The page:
More future workers are learning by doing. With eyes and minds re-wired by electronic screentime, people now learn more by doing than from listening and reading. When K-12 and college students engage in work-based learning (WBL), they grasp theory through practical execution—to real-world standards. They gain soft skills they can’t get in classrooms, and discover the power of paychecks. When they exit the educational system, the employers from whom they’ve learned are tops on their career agenda—and they contribute more and sooner as permanent hires. The WBL approach delivers better results than “give me somebody who can show up on time and pass a drug test, and we’ll train them”—over and over again.
Post-secondary instruction needs more direct business support. Accomplished businesspeople have long shared their knowledge as adjunct university professors. But Tennessee’s higher ed students and institutions need much more business acumen to inform and support post-secondary study—especially in disciplines matching the skill areas of greatest workforce need. And it’s needed throughout the higher ed system, especially in the TCAT and community college programs into which TN Promise students have begun to flow in greater numbers–and which are struggling to find enough instructors to teach them.
When the pie grows bigger, everybody gets more. It’s clear that solving Tennessee’s workforce riddle is going to require mobilizing all of the available talent sources in our state. We need numbers, and can’t afford to overlook the talent in people with barriers to employment. There’s so much we can do to grow Tennessee’s talent pie. We can unlock doors for ex-offenders and help veterans “translate” their MOS’s to the skills required for the jobs we need most. We can support employees who want to “re-Connect” and enable those with physical or mental challenges to participate fully in our workforce.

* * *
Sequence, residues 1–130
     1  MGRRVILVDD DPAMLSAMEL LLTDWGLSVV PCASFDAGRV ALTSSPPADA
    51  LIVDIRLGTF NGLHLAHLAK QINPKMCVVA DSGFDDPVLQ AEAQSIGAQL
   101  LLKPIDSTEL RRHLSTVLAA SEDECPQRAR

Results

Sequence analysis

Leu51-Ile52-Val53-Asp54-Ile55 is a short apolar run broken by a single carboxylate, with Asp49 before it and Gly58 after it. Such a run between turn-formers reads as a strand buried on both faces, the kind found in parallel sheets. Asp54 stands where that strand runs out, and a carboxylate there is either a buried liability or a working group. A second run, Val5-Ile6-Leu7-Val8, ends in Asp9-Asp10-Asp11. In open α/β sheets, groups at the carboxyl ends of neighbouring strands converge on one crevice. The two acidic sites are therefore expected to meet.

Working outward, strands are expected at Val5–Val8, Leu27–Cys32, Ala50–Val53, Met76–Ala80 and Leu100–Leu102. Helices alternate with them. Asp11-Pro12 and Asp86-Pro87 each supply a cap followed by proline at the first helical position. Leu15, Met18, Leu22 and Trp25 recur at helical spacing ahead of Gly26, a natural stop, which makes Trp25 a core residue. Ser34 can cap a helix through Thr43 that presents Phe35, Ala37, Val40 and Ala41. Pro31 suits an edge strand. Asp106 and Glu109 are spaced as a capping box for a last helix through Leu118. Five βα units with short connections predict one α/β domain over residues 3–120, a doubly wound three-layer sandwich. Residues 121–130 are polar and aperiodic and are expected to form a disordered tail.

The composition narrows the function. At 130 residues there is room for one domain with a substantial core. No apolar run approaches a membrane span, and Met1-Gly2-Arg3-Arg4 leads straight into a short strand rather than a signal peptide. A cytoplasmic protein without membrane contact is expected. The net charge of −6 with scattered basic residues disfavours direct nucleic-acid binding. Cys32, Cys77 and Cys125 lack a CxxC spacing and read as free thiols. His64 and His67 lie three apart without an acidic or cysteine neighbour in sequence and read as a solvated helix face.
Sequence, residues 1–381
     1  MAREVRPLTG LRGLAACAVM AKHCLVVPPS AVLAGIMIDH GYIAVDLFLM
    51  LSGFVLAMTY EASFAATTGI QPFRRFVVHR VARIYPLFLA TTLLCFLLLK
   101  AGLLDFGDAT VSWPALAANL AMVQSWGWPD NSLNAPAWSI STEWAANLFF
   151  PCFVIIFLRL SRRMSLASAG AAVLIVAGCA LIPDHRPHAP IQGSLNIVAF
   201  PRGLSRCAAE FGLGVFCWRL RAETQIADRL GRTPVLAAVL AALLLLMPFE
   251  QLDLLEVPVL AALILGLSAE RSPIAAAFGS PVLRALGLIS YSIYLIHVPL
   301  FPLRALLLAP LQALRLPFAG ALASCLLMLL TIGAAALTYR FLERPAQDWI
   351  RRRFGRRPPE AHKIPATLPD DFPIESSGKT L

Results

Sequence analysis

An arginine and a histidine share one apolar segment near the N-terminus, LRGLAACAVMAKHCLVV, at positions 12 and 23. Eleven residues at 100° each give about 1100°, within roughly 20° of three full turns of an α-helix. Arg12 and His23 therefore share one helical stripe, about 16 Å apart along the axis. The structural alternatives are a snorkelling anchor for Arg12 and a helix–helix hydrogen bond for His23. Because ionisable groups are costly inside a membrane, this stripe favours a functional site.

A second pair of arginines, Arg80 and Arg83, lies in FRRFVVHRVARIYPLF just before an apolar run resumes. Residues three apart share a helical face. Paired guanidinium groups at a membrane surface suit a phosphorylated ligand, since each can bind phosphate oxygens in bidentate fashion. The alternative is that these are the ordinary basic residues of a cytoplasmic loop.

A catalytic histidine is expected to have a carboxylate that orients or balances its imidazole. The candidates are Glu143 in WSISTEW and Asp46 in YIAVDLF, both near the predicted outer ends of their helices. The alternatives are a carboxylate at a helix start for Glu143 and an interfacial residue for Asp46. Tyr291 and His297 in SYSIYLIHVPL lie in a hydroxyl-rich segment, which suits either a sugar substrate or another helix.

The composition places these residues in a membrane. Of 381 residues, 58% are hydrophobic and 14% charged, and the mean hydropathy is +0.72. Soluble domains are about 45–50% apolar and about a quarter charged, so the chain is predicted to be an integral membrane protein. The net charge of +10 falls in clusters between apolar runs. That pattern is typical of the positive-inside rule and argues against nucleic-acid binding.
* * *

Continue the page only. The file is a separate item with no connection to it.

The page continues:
Employers must take primary responsibility for making it happen. For too long, business owners have focused comfortably on our operations and customers, expecting our workforce to simply appear when needed—and leaving the heavy lifting to our school districts, governments and charitable nonprofits. How’s that working out for us? Not well enough. Business needs to apply the power of free enterprise in taking charge of our workforce destiny, and accept a primary role in overcoming the inefficiency and lack of resources and coordination which constrain public-sector efforts. If we don’t, our businesses and state economy face growing risks.
How do we eat an employment “elephant”? One bite at a time. “We can’t possibly turn this around—it’s too big a problem.” Not one of us has enough time, people, or resources to solve our own employment riddle. Larger companies invest in last-mile pipelines for enterprise-critical talent, at great expense. But sustaining Tennessee’s economic success requires each and every cog in our state’s economic engine to include workforce outreach in its business plan—and take meaningful action. Nobody needs to do everything, but each company must do something for Tennessee’s K to J talent pipeline.
Sustained progress requires the three C’s. Many businesses and organizations are already developing programs that respond to their populations and industry cluster needs. They’ve gotten companies to actively contribute time, treasure and know-how to develop their communities’ workforces. These investments are producing results, and they prove that business recognizes it must invest in workforce. Tennessee will win the talent competition when we coordinate such efforts, collaborate to fill in the gaps, and execute our commitments.
Let’s move from talking and commiserating about our workforce challenges into action on them—so Tennessee’s economy and communities can continue to grow and to provide critical private and public benefits to the Tennesseans who bring it all to life.